Once we open our souls, with the poet E.E.Cummings, to the “wonder that’s keeping the stars apart”[i] – that is, the wonder of the star’s appearance as an entity for our human minds, then we might begin to see the link between the stars and love between beings:

[i carry your heart with me(i carry it in]

BY E. E. CUMMINGS

i carry your heart with me(i carry it in

my heart)i am never without it(anywhere

i go you go,my dear;and whatever is done

by only me is your doing,my darling)

i fear

no fate(for you are my fate,my sweet)i want

no world(for beautiful you are my world,my true)

and it’s you are whatever a moon has always meant

and whatever a sun will always sing is you

 

here is the deepest secret nobody knows

(here is the root of the root and the bud of the bud

and the sky of the sky of a tree called life;which grows

higher than soul can hope or mind can hide)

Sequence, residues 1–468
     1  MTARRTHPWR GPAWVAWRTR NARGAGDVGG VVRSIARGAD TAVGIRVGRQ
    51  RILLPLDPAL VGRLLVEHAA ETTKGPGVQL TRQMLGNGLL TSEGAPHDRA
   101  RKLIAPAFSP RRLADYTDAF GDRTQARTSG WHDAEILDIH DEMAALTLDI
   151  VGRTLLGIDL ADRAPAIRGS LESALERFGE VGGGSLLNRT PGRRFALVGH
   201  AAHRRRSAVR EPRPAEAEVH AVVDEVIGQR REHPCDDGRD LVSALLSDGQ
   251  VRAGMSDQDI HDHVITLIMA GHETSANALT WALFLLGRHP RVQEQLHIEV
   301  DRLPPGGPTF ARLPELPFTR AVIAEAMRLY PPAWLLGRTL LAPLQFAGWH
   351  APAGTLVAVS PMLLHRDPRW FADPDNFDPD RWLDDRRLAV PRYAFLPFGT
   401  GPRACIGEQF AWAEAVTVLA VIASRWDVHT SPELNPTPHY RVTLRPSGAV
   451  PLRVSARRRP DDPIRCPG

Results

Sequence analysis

and this is the wonder that’s keeping the stars apart

 

i carry your heart(i carry it in my heart)

 

Pretty sentimental, I know, but I think it expresses a deep truth about the link between knowledge of being and love of human beings. (I learned about it from a quite exquisite chick flick: In Her Shoes.)

Once we reflect on this wonder that is both philosophic and religious, we are open to a vision of the cosmos as designed by a God whose glory, as Bishop Vandenberg goes on to teach is “to bring to pass the immortality and eternal life of man” (Moses 1:39). And so we are ready to understand that human agency is not an illusion or some accidental fluke in the natural universe but somehow fundamental to the divine ground of all being. Elder Alvin R. Dyer’s talk in this same session addresses “The Nobility of Man in Choosing Good Over Evil”